A little excursion into number theory for digital artists

March 23, 2018  •  1 Comment

Back in the twenty-aughts, I think it was around 2008, I was invited to submit photographs to an exhibit entitled "Numbers."  Based on the works that were selected (none of mine were), the title of the exhibit should have been "Numerals."  Each photograph prominently displayed an Arabic numeral.  (I don't remember there being any Roman numerals, which seems like an obvious omission.)

Upon reading the invitation, I immediately thought of the number zero and submitted this photo:

BlackBlackThis is all black, the color you get when each pixel has zero values for Red, Blue and Green.

As you see, it is plain black.  It is the result of setting all of the pixels with Red, Green and Blue values of zero.

Another obvious interpretation would have been:

WhiteWhiteThis is pure white, the color you get when the values of Cyan, Magenta, Yellow and Black are all zero.

Think there's nothing there?  Look again.  It is an image of pure white.  This would be the result of printing an image where all the pixels have a zero value for Cyan, Yellow, Magenta and blacK.  (See note.)

In addition to the "black zero," I also submitted the following as my representation of the number five:

FiveFive

As you can see, there are five posts holding up the roof.  This, to me, is a representation of the NUMBER five, not the NUMERAL "5."  As a definition for the number five, I used "the set of all sets that can be put in one-to-one correspondence with the set consisting of five things."  This is a fairly standard definition for a number.  If I have, for example, a set of five stickers, that set is a subset of the number five.  We could, to demonstrate the one-to-one correspondence, put one sticker on each post.  There would be no leftover stickers and no empty posts.  [A side question, to which I don't know the answer, is the cardinality of the set five.  Clearly, the cardinality of any subset of five is five.  But how many subsets are there in five?  I'm sure the number is infinite, but what kind of infinite?]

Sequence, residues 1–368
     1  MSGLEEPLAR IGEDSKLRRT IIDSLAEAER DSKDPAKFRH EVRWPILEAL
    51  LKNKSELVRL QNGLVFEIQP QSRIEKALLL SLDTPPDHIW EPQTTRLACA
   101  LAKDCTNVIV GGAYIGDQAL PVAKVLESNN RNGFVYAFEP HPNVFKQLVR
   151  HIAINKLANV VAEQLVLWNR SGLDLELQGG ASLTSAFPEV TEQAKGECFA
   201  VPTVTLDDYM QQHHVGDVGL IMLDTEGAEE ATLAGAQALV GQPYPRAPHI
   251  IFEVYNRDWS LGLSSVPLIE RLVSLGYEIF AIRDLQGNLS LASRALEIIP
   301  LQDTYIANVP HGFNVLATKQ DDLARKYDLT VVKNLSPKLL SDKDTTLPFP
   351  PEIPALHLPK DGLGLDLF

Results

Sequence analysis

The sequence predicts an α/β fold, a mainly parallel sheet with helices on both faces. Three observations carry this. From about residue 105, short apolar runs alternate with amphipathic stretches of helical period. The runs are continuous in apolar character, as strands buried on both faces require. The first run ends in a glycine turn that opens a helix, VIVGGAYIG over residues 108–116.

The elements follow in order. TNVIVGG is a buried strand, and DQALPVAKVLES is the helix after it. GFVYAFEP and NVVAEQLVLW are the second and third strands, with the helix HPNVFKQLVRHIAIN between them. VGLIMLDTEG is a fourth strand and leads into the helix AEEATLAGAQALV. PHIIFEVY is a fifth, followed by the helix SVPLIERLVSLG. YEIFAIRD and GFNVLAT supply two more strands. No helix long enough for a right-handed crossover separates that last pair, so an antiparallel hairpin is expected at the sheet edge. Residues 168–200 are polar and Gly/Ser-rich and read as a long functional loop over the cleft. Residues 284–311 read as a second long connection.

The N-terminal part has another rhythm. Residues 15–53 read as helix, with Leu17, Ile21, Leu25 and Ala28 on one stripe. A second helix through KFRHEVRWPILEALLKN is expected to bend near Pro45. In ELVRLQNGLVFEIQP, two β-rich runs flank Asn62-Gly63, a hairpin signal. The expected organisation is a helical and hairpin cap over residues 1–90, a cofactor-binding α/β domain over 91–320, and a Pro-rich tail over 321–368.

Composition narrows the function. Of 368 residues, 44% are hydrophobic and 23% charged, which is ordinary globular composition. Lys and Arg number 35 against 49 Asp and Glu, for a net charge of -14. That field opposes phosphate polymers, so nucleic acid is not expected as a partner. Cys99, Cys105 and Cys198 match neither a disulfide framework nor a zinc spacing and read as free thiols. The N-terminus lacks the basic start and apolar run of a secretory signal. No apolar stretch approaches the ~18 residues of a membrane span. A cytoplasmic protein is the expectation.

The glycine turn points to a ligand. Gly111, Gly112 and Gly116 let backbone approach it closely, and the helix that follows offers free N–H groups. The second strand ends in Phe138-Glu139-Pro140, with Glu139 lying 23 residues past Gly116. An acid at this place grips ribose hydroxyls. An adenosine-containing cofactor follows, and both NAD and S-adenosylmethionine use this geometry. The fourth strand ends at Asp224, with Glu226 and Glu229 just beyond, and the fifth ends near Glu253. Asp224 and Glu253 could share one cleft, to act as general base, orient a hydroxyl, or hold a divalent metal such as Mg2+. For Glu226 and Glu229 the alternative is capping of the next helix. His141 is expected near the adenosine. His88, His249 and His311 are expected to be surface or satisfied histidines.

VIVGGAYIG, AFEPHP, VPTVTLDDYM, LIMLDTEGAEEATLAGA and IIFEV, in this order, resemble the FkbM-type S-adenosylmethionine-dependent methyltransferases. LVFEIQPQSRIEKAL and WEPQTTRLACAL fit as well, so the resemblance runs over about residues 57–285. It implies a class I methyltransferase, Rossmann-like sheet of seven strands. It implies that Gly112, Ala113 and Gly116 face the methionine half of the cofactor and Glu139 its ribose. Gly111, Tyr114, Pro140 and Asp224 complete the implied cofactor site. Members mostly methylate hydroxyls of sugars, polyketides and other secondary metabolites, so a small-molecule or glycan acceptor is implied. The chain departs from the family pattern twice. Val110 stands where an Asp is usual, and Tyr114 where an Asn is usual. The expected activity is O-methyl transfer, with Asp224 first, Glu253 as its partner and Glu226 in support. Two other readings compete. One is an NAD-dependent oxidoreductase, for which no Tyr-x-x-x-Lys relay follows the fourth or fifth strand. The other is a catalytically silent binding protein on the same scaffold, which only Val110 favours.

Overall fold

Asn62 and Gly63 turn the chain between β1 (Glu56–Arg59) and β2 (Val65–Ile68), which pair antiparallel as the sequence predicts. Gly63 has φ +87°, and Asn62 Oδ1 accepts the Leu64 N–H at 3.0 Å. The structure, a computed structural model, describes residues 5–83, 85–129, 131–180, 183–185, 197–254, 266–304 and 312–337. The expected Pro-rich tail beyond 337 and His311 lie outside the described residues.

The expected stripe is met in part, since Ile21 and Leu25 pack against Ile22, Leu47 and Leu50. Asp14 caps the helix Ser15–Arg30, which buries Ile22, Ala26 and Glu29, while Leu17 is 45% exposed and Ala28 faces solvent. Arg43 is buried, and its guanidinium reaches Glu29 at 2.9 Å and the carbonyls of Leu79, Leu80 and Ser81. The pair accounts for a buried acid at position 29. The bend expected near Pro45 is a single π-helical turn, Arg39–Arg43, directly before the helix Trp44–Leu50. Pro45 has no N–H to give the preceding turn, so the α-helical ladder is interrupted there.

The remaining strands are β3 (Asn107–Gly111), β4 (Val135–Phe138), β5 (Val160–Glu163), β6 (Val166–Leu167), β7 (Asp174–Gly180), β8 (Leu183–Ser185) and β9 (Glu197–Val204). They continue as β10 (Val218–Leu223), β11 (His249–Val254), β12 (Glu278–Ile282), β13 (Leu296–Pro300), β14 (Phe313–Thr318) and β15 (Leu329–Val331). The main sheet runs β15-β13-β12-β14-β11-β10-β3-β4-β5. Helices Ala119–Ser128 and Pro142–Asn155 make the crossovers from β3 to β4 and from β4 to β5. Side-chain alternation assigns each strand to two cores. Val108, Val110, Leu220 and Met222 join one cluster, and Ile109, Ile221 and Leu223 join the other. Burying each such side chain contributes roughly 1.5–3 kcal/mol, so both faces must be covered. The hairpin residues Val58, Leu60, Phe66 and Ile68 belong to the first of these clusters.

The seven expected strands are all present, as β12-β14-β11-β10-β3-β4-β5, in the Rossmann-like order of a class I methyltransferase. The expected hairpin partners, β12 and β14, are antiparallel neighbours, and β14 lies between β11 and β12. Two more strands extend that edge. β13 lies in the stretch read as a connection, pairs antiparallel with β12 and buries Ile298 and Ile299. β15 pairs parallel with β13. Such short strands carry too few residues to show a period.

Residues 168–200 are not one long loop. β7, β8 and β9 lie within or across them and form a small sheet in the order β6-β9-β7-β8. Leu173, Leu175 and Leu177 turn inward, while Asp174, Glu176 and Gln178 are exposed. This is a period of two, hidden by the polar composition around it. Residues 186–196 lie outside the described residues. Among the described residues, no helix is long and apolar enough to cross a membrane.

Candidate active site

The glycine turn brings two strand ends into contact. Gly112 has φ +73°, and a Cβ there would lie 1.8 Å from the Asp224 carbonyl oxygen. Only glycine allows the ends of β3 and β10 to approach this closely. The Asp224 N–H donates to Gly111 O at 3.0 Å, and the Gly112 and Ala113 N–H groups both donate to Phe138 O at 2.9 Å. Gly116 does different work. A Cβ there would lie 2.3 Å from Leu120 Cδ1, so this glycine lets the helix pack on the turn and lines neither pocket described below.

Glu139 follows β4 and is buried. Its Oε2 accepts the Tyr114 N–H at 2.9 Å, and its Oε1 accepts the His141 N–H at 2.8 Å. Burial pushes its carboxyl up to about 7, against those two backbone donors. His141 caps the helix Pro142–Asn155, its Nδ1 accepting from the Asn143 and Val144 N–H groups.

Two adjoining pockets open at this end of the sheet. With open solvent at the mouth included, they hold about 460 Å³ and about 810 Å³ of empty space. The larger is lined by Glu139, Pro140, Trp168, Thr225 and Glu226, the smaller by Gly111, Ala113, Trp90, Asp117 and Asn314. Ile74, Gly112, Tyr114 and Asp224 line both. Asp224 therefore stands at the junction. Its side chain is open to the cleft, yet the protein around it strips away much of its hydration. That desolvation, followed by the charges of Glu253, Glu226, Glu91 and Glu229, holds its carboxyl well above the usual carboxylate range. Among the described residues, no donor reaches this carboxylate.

Needless to say, neither of my submissions was accepted for the exhibit.  I wonder of the curator(s) even understood why I submitted "five."

I had in mind at the time to submit a photograph representing infinity.  (Yes, infinity is a number--or rather two or more numbers--too.  Keep reading.)  I thought having two mirrors facing each other, exactly aligned, would create the appearance of an infinite regression of images in an infinite regression of mirrors.  The problem I faced, in addition to aligning the mirrors properly, was that the camera would inevitably be right in the center of the image, and I didn't want to do that.  Now, a decade or so later, I think I have solved that problem. so here is my (first "successful") representation of the number infinity:

InfinityInfinityThis represents the effect of two mirrors facing each other in perfect alignment. For this artist, it represents 0ﭏ (read "alef-null," the zero is supposed to be a subscript), the number of countably infinite things, like the integers.

This photograph attempts to represent the infinite number known as aleph-null

, aleph being the first letter of the Hebrew alphabet.  This is sometimes referred to as "countable" infinity because, although you cannot count all the mirrors, you can describe or imagine a procedure for counting them even though you'd never finish.  In essence, the definition of countable infinity or aleph-null is the set of all sets that can be put in one-to-one correspondence with the integers (or positive integers, or natural numbers, or anything you can think about counting). 
See https://en.wikipedia.org/wiki/Aleph_number for more interesting trivia.

The rational numbers are also a subset of infinity, but not the irrational or real numbers.  The irrationals are a different number, sometimes called beth-one  (R, or simply in homage to Georg Cantor who, in 1891, proved that not every infinite set can be put in one-to-one correspondence with the natural numbers).

I leave the pictorial representation of R as an exercise.  Needless to say, had I been able to submit this photograph for the exhibition, it would not have been accepted either.